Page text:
Certain identifying marks or data contained with ESI may also allow for identification. Two common examples are "hash values" and "metadata." A hash value is a unique numerical identifier that can be assigned to a file, a group of files, or a portion of a file. Hash values can be inserted into original electronic documents when they are created to provide them with distinctive characteristics that will permit their authentication under Rule 901(b)(4). Id. See also United States District Court for the District of Maryland, Suggested Protocol for Discovery of Electronically Stored Information , available at www.mdd.uscourts.gov/ news/news/ESIProtocol.pdf (encouraging parties to discuss hash values when producing electronic records in discovery to facilitate later authentication).
Metadata is another method of establishing authenticity, since such information can provide information about a particular data set by describing how, when, and by whom it was collected, created, accessed, or modified. Because metadata shows the date, time, and identity of the creator of an electronic record, as well as all changes made to it, metadata is another distinctive characteristic of electronic evidence that can be used to authenticate under Rule 901(b)(4).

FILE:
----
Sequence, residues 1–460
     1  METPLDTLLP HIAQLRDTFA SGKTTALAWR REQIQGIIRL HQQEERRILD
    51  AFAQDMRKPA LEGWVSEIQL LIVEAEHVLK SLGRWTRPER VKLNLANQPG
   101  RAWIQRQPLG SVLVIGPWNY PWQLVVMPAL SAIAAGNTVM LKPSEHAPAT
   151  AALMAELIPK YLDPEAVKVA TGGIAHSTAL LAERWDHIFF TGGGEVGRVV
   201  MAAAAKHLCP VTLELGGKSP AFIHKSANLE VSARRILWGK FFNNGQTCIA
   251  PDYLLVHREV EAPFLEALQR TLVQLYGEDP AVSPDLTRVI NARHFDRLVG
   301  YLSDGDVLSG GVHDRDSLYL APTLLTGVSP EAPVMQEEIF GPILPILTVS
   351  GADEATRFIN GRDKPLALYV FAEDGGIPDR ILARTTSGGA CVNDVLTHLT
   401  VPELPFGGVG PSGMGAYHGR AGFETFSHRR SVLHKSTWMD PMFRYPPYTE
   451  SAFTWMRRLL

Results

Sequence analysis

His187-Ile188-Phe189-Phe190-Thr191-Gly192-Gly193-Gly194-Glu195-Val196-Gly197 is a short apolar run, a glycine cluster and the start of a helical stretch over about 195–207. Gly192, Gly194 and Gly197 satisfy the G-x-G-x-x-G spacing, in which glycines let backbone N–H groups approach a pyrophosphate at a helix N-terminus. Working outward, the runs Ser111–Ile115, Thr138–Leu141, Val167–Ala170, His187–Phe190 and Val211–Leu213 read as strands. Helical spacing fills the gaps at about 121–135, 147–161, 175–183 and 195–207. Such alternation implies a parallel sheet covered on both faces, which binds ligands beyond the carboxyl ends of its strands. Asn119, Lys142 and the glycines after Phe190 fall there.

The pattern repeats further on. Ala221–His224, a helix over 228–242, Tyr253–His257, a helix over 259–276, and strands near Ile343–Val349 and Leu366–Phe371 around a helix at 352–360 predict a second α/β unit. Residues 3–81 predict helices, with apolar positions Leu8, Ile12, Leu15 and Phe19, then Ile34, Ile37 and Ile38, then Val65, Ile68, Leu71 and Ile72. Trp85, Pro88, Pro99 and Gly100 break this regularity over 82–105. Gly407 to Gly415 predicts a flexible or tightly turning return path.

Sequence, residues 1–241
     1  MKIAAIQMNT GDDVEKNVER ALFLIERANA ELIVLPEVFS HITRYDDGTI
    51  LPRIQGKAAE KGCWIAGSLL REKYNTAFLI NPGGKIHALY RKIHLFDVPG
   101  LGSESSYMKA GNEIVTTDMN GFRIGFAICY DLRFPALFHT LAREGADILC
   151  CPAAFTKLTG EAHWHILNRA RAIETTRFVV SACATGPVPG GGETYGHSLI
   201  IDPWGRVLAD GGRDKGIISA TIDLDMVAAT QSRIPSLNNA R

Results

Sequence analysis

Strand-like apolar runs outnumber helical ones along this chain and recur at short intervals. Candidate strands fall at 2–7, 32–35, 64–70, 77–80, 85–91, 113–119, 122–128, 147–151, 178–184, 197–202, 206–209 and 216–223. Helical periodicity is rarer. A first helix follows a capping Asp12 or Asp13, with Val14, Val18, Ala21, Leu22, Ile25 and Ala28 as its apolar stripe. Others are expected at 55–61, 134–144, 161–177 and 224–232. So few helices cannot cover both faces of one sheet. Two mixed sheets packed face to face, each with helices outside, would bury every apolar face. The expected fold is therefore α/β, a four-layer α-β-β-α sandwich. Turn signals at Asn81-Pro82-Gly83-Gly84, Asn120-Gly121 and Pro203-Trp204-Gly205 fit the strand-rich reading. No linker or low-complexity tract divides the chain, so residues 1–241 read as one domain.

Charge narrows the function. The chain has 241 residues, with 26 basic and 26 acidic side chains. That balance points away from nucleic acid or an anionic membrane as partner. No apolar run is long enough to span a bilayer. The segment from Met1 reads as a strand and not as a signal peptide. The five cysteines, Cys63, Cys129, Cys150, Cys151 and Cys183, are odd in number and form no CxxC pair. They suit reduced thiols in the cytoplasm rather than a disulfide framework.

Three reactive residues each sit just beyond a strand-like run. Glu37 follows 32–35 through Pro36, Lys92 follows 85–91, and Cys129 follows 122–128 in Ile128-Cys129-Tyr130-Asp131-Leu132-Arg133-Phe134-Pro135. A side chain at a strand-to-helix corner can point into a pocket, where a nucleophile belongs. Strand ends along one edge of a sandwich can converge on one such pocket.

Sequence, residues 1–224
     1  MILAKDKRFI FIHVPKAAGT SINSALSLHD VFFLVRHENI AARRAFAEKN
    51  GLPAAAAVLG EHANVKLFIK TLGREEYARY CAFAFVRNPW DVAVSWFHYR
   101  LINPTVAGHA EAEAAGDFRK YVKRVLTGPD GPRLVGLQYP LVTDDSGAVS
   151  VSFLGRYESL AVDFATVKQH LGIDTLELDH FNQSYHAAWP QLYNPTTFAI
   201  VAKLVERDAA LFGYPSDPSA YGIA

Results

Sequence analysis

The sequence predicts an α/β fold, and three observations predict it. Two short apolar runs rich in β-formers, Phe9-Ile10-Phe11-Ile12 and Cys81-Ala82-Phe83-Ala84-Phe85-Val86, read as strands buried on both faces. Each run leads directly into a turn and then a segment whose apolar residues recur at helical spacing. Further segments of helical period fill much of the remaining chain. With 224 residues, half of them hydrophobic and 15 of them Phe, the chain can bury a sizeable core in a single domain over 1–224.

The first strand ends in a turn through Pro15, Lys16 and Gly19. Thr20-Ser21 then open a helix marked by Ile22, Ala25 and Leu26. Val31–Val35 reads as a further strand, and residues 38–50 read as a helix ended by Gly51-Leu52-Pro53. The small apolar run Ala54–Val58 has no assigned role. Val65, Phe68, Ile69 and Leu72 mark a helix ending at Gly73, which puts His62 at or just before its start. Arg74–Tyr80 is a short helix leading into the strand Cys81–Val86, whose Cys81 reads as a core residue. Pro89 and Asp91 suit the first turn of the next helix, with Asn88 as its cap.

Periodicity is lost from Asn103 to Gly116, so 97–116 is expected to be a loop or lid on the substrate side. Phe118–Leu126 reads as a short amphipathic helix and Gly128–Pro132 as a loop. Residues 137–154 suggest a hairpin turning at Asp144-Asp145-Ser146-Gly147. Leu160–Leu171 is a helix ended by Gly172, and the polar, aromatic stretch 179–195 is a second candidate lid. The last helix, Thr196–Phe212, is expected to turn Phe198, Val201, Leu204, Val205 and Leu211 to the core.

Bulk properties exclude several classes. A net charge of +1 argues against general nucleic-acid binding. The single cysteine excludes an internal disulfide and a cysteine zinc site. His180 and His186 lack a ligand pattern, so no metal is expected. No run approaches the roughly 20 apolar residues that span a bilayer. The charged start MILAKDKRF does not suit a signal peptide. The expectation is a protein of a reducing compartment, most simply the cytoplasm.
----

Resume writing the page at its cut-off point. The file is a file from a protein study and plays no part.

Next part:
There are, of course, a multitude of additional ways to authenticate ESI, including relying on any "self-authenticating" characteristics of the ESI. As Lorraine notes, counsel must be "creative in identifying methods of authenticating electronic evidence when the facts support a conclusion that the evidence is reliable, accurate, and authentic, regardless of whether there is a particular example in Rules 901 and 902 that neatly fits." 241 F.R.D. at 553. The bottom line is that counsel must be ready to utilize the ESI they believe supports their client's position by making sure that such evidence can be authenticated as a first step towards having a court rely upon it.
ESI Hearsay Issues
Hearsay issues also are pervasive when ESI is introduced. Federal Rules of Evidence 801 through 807 deal with the concept of hearsay and its many exceptions, all of which cannot be addressed here. But two broad points should be made.